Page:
Included in this guide:
Disc brakes are synonymous with gravel bikes. Beyond the superior braking power offered by a disc rotor, they also don’t limit tyre clearance the way a traditional rim caliper does — yes we know cantilever brakes allow for fat tyres, but they also don’t work all that well.
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Whether they're mechanical or hydraulic, disc brakes offer consistent stopping power regardless of the weather. With traction on gravel roads and singletrack more variable than what you’d find on the tarmac, being able to precisely apply power right to the limit of the available traction can be the difference between making around a dusty hairpin or ending up in the scrub on the outside of the corner.
Read on for our pick of the best disc brakes for your new gravel bike.
The disc brakes you can buy today
The most powerful brakes you can buy for drop bars
Mechanical or hydraulic: Hydraulic | Brake fluid: DOT and Mineral Oil | Claimed weight: 93g per
A common discussion among mountain bikers is two-pot or four-pot brakes? Four-pot brakes have four pistons in each caliper driving the pads and offer considerably more power, modulation and control than their two-piston counterparts. As such, you’ll usually find four-pot brakes on every category of mountain bike except for XC race bikes, simply because two pot brakes are lighter.
When it comes to disc brakes for road bikes, two-piston brakes dominate the market, however, British outfit Hope has turned the braking power up to 11 - well actually, four - with its RX4 caliper.
With double the pistons and an ultra-stiff caliper, the RX4 is ideal if you’re a big rider, or your gravel bike has a dropper post. CNC machined and anodised, the RX4 comes in versions designed to work with Mineral Oil and DOT fluid so that they will work with both SRAM and Shimano/Campy levers.
The benchmark for mechanical disc brakes
Mechanical or hydraulic: Mechanical | Brake fluid: N/A | Claimed weight: 154 per
While hydraulic disc brakes are seen as the end all be all when it comes to stopping, cable-actuated discs are no slouch when it comes time to drop the anchors. The Spyre use an articulating arm which is pulled by the cable to drive the pads evenly from both sides to prevent disc warping or uneven pad wear.
Available in both post and flat mount-varieties, a barrel adjuster on the calliper makes for simple tool-free tuning and adjustment. Pair these with compressionless brake housing and you’ll have consistent, sponge free braking without ever having to deal with syringes or needing to learn what a brake hose olive is.
Paul Components Klamper
Anodised and easy to adjust
Mechanical or hydraulic: Mechanical | Brake fluid: N/A | Claimed weight: 216g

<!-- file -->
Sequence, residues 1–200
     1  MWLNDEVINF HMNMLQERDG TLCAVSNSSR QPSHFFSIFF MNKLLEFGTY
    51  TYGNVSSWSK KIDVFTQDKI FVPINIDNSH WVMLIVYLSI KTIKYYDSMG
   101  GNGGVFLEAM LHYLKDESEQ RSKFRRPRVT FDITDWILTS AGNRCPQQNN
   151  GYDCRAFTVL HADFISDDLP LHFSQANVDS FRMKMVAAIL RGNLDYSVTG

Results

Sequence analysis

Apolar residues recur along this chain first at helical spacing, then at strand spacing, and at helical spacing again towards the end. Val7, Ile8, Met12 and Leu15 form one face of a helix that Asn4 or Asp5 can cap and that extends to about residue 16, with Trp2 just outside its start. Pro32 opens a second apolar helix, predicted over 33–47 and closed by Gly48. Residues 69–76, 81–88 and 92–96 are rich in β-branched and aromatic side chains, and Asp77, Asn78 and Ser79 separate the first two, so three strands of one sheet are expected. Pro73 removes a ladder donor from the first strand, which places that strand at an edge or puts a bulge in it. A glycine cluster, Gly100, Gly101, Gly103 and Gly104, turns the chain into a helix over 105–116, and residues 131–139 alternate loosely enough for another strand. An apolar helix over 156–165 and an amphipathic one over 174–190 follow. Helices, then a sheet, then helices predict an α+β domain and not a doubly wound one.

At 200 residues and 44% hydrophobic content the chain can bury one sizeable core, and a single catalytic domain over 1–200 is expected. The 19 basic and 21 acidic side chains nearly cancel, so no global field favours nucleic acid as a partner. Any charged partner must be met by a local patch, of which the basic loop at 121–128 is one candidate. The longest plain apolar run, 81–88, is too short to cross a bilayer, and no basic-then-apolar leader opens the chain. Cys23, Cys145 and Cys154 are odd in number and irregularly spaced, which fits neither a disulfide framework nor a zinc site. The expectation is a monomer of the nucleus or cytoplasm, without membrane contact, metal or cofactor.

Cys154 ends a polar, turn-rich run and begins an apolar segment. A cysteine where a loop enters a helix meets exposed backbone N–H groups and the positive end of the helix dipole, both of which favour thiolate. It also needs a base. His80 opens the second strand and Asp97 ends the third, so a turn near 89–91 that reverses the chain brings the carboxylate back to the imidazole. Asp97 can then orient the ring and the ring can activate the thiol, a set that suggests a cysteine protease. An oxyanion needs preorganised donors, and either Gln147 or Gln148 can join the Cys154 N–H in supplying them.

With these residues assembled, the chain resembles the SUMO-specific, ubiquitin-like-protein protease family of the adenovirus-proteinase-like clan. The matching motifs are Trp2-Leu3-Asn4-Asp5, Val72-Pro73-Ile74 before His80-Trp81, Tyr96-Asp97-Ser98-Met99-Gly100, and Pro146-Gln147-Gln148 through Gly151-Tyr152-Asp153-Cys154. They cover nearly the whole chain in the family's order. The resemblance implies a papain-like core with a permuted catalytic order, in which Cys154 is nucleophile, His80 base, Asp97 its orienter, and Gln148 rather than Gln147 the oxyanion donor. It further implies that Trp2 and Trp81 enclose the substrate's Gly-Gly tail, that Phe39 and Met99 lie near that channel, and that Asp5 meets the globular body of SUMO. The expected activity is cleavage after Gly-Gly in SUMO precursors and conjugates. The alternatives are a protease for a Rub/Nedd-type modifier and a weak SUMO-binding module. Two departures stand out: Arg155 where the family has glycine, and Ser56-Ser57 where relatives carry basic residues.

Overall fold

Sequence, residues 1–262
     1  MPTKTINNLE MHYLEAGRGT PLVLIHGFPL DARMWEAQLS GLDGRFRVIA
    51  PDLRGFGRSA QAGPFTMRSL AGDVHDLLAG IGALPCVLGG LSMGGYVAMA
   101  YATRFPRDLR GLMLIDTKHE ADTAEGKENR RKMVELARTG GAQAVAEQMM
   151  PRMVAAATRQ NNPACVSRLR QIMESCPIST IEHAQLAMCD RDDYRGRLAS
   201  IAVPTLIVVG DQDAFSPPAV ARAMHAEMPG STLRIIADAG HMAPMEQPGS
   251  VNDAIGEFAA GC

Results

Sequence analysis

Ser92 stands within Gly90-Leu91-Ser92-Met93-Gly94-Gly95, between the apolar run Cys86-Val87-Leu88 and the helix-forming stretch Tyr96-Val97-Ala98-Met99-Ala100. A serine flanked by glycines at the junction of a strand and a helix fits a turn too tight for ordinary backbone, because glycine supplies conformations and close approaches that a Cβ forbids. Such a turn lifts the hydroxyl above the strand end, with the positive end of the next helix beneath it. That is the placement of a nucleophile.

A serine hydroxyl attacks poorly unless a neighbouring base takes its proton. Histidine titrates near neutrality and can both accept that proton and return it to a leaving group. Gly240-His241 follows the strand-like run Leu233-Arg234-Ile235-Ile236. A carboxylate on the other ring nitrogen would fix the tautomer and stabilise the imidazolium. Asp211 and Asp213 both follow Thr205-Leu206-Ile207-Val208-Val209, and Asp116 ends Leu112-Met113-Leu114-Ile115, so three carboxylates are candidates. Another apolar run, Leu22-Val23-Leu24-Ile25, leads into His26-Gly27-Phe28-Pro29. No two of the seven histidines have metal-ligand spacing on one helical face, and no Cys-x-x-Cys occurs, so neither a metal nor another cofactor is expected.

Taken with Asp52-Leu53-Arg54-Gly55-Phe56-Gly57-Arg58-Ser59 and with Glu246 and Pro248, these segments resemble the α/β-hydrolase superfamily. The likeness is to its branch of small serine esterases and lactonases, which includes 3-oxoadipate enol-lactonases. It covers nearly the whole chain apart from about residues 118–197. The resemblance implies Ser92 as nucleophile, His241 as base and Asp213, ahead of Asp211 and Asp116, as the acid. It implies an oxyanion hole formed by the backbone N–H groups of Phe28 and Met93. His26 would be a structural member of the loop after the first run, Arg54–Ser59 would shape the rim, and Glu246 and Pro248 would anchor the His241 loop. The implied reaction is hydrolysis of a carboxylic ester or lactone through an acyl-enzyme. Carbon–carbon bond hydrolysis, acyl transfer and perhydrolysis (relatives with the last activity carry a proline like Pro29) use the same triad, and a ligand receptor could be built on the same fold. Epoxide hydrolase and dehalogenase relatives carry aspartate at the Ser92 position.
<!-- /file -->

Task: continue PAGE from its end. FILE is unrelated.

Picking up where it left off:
Manufactured in Paul Components Chico, California facility, the Klamper is a CNC-machined mechanical-disc brake caliper with plenty of power and adjustability on tap. The caliper itself is 6061 aluminium - Paul makes the pistons from 12L14 heat-treated steel which, in collaboration with oversized ball bearings, make for a smooth lever pull. The single-piston design also uses a needle bearing on the pad actuator to further reduce friction.
Single-piston brakes require the inboard pad to be positioned close to the disc to limit rotor flex, and the Klamper utilises an oversized notched dial for adjustment; meaning not only is it tool-free but it can be adjusted on the fly, even with gloves on. Paul makes the Klamper in both flat and post mount.
Sram Force AXS
No cables required
Mechanical or hydraulic: Hydraulic | Brake fluid: DOT | Claimed weight: 166g per
With its wireless drivetrains, SRAM introduced what it calls HydroHC. This borrows technology from the brand's mountain bike brakes, guided by the success and failures of the Guide and Level brakes.
This has been continued into the latest Force AXS components integrating reach adjust, and independent contact point adjustment into the levers. The HydroHC system also incorporates the Bleeding Edge for fast and faff free bleeds. What all of this translates too is easy single finger braking, with oodles of power on tap with little to no maintenance.
Braking just like Ultegra with grippy levers
Mechanical or hydraulic: Hydraulic | Brake fluid: Mineral Oil | Claimed weight: 140g per
Shimano’s gravel-specific GRX groupset was launched last year with plenty of fanfare and since has impressed with its performance. As far as we can tell the GRX brake calipers are essentially the same as their Ultegra compatriots, the main difference in the system being at the levers.
First and foremost the lever blades have a rubberised texture, that’s immediately noticeable, especially in the wet and pivot point has been moved up, to allow for more leverage. Shimano has also applied the Servo-Wave technology seen in its MTB brakes, which speeds pad actuation until the contact point and then slows things down to provide more modulation. You can also add hydraulic inline brakes should you please, though they don’t offer a ton of power.
The best cable-to-hydro solution